The Association of Occupational Health Professionals in Healthcare (AOHP) has updated its Web Resources Guide, which includes links to all manner of regulations, guidelines, and training materials by federal agencies and healthcare organizations.1

In addition, the National Institute for Occupational Safety and Health (NIOSH) has posted a series of answers to commonly asked questions about respirator use. The Filtering Out Confusion questions deal with respirator reuse, fit-testing, seal checks, and other issues.2-4

For example, consider this new NIOSH answer to a common question on fit-testing3:

Question: Can I have facial hair and still be fit-tested to wear a tight-fitting respirator?

NIOSH: “The OSHA respirator standard prohibits tight-fitting respirators to be worn by workers who have facial hair that comes between the sealing surface of the facepiece and the face of the wearer. Facial hair that lies along the sealing area of a respirator, such as beards, sideburns, or some mustaches, will interfere with respirators that rely on a tight facepiece seal to achieve maximum protection.

Research tells us that the presence of facial hair under the sealing surface causes 20 to 1,000 times more leakage compared to clean-shaven individuals. Gases, vapors, and particles in the air will take the path of least resistance and bypass the part of the respirator that captures or filters hazards out. A common misconception is that human hair can act as a crude filter to capture any particles that are in the airstream between the sealing surface and the user’s skin.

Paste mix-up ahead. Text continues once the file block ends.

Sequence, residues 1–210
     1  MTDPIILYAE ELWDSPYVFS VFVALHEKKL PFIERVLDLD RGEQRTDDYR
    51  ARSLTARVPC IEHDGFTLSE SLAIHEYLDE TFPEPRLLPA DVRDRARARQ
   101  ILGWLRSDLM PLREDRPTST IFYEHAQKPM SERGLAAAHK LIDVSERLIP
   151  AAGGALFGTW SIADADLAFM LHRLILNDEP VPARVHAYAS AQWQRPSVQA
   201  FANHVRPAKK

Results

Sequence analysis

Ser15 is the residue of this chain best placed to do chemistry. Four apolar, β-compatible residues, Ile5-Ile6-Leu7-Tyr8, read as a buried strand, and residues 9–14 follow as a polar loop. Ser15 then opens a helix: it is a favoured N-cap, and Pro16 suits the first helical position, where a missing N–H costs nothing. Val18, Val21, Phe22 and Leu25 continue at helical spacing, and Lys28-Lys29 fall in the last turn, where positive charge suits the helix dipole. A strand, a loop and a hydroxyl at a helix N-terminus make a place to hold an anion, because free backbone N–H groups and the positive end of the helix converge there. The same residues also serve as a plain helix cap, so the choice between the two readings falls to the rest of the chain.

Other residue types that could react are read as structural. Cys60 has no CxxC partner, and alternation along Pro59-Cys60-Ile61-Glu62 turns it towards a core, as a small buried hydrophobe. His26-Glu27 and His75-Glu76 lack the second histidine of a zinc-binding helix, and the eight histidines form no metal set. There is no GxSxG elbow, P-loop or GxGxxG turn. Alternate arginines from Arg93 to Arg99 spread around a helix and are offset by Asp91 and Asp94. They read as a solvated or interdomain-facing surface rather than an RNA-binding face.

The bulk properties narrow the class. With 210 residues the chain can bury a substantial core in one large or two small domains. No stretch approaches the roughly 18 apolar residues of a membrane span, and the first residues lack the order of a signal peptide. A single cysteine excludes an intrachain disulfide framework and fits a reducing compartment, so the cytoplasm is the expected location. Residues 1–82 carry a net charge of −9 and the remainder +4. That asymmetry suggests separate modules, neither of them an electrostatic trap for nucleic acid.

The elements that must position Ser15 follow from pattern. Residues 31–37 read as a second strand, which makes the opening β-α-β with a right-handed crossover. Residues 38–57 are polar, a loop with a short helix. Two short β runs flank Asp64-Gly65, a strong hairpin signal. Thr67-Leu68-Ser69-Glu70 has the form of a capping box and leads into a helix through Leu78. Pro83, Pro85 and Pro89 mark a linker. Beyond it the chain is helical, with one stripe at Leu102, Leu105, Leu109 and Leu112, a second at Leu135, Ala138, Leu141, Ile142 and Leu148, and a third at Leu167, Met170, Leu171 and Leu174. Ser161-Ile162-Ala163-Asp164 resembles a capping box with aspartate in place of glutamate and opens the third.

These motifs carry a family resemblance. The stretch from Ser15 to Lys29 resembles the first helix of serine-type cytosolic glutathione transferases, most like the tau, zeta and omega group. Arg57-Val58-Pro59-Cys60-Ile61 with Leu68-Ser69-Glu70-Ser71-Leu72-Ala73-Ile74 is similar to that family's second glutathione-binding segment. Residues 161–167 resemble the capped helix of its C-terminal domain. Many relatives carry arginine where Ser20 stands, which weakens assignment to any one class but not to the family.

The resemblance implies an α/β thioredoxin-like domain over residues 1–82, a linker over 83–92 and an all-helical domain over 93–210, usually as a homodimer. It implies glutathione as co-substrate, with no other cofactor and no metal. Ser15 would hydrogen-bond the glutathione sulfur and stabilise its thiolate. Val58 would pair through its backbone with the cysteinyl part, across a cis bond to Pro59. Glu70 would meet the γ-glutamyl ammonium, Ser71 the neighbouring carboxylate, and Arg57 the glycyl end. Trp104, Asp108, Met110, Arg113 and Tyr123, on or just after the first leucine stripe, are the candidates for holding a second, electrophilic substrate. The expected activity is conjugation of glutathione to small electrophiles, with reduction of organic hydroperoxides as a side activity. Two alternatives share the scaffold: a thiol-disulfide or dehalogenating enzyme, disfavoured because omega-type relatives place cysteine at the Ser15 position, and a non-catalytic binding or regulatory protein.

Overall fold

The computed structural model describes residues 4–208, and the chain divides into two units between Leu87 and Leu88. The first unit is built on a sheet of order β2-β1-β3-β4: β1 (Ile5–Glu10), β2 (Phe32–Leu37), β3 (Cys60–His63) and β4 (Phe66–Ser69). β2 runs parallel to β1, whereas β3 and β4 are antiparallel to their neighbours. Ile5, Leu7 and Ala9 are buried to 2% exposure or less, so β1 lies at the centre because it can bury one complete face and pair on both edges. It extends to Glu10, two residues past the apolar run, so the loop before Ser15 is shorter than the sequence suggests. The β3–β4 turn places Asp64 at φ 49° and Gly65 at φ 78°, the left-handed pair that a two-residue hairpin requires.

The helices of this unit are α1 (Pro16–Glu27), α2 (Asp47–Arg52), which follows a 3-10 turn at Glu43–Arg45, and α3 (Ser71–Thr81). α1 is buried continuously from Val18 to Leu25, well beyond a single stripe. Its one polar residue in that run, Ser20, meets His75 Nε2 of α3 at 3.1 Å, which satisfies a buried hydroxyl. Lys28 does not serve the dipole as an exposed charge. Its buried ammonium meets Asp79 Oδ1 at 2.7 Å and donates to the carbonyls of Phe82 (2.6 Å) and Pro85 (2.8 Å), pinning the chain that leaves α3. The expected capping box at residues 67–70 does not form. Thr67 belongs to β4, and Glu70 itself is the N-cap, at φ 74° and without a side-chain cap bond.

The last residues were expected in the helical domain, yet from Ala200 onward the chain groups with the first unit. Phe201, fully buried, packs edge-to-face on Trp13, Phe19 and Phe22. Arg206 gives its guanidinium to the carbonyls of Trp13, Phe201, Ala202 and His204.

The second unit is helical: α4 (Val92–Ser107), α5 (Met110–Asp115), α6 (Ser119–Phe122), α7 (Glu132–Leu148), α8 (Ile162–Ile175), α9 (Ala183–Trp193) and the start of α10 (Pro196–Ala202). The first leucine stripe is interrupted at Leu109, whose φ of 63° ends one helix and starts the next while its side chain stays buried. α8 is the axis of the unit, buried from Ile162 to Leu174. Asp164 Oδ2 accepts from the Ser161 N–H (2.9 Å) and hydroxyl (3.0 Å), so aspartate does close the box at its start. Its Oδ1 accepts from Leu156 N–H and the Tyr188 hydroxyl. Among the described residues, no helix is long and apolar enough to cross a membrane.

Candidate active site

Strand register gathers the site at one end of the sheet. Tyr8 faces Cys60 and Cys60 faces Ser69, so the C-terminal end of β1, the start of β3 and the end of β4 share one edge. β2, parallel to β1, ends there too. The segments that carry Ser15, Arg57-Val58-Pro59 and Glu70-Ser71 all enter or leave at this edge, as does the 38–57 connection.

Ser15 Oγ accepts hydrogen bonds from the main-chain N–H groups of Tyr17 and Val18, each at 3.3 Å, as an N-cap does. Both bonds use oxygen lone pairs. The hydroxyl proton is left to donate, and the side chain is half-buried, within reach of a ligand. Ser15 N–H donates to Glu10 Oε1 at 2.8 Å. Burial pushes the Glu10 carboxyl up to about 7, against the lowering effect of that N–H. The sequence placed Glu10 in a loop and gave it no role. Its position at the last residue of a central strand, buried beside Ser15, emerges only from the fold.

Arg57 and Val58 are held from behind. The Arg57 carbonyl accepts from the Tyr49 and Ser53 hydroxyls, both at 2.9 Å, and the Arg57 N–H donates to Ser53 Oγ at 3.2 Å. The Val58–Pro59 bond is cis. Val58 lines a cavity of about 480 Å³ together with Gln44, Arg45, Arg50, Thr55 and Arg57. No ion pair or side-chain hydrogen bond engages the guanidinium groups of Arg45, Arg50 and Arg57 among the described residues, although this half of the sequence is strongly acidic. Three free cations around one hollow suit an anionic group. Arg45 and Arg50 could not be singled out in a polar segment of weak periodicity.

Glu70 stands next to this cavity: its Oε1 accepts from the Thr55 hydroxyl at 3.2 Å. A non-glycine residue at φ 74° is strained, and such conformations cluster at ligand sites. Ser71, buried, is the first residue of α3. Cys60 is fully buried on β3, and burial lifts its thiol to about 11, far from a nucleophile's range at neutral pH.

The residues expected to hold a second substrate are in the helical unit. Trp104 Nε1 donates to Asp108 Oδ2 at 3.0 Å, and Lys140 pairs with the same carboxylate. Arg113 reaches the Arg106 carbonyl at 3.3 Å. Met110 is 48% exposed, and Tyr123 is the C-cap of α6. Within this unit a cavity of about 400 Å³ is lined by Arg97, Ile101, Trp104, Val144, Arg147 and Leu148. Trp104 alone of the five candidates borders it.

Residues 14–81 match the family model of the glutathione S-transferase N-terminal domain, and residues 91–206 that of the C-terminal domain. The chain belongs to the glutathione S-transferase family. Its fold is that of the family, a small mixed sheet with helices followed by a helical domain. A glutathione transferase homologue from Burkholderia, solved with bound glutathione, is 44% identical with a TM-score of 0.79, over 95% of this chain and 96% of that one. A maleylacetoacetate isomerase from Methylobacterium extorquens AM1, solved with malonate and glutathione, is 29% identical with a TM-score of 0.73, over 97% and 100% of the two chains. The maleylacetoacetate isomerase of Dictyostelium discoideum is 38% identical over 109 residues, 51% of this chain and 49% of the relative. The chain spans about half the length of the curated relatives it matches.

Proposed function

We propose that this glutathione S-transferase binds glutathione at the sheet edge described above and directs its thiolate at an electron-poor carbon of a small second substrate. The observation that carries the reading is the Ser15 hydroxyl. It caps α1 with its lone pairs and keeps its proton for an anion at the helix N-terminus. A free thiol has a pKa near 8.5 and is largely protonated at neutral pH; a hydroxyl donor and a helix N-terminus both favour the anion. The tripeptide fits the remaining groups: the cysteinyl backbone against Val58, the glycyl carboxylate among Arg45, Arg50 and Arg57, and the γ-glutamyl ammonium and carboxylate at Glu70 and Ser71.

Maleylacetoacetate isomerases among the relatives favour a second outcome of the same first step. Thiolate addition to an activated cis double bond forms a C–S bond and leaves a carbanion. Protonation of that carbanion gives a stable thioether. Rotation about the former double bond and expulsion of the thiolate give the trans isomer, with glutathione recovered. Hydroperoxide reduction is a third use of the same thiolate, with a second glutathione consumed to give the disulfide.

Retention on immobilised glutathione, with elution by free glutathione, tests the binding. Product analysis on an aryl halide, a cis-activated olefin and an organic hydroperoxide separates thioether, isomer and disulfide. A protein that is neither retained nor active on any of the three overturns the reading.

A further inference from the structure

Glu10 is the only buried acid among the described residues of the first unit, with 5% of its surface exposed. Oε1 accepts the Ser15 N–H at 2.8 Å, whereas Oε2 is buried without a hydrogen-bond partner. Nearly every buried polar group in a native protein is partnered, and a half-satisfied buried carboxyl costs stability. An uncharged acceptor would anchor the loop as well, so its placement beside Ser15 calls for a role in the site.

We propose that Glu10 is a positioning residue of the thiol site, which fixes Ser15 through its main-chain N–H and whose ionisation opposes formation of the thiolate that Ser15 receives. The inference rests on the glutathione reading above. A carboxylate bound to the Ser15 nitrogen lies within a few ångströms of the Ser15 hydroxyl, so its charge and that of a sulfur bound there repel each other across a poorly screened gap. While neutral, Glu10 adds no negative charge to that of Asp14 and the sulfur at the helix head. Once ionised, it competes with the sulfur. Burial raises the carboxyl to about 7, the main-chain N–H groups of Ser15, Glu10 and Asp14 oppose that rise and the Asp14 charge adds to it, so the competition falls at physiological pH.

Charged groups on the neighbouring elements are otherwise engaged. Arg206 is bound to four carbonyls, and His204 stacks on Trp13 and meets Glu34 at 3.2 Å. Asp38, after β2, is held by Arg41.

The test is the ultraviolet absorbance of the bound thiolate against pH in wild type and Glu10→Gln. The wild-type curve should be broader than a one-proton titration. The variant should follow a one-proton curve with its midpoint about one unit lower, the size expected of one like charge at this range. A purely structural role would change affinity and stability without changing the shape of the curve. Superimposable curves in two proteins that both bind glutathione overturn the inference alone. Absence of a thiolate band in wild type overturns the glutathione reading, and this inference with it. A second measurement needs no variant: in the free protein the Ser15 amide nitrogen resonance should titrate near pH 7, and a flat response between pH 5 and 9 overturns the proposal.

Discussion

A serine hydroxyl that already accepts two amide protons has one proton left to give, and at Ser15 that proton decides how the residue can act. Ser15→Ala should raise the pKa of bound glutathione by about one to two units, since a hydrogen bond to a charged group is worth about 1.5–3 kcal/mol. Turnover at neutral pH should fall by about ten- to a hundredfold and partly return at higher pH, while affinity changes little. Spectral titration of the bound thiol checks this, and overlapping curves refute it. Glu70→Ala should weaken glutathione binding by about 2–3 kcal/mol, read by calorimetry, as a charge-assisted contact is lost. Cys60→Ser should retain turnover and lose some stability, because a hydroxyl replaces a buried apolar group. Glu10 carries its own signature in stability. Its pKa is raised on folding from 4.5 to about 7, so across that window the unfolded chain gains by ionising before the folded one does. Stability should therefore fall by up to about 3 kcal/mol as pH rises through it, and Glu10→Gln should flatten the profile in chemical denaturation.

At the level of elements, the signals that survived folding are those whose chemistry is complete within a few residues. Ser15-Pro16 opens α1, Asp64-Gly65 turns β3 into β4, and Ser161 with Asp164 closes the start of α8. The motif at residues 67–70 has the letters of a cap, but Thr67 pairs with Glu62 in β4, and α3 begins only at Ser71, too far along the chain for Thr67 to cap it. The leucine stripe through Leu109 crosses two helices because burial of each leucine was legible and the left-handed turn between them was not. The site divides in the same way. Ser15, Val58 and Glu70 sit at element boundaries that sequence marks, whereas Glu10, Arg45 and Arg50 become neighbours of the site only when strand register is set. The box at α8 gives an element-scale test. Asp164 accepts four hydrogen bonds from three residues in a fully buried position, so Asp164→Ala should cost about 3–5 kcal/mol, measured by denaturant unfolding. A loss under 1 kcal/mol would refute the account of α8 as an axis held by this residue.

However, while human hair appears to be very thin to the naked eye, hair is much larger in size than the particles inhaled. Facial hair is not dense enough and the individual hairs are too large to capture particles like an air filter does; nor will a beard trap gases and vapors like the carbon bed in a respirator cartridge. Therefore, the vast majority of particles, gases, and vapors follow the air stream right through the facial hair and into respiratory tract of the wearer. In fact, some studies have shown that even a day or two of stubble can begin to reduce protection.”

In a related development, the AOHP and NIOSH signed a three-year Memorandum of Agreement (MOA), effective July 12, 2018, that extends the association’s collaborative relationship as a Total Worker Health affiliate.

NIOSH launched the Total Worker Health program in June 2011 to advance worker well-being with policies, programs, and practices that integrate protection from work-related safety and health hazards with promotion of injury and illness prevention efforts, the AOHP reports.

REFERENCES

1. AOHP. Beyond Getting Started Series. Respiratory Protection in Healthcare Settings Web Reference Guide, July 2018. Available at: https://bit.ly/2JTFQTq.

2. NIOSH. Filtering out Confusion: Frequently Asked Questions about Respiratory Protection, Respirator Reuse, and Extended Use. Pub. No. 2018-128, April 2018. Available at: https://bit.ly/2LyrKM9.

3. NIOSH. Filtering out Confusion: Frequently Asked Questions about Respiratory Protection, Fit Testing. Pub. No. 2018-129, April 2018. Available at: https://bit.ly/2LFjx8K.

4. NIOSH. Filtering out Confusion: Frequently Asked Questions about Respiratory Protection, User Seal Check. No. 2018-130, April 2018. Available at: https://bit.ly/2Oj5ynx.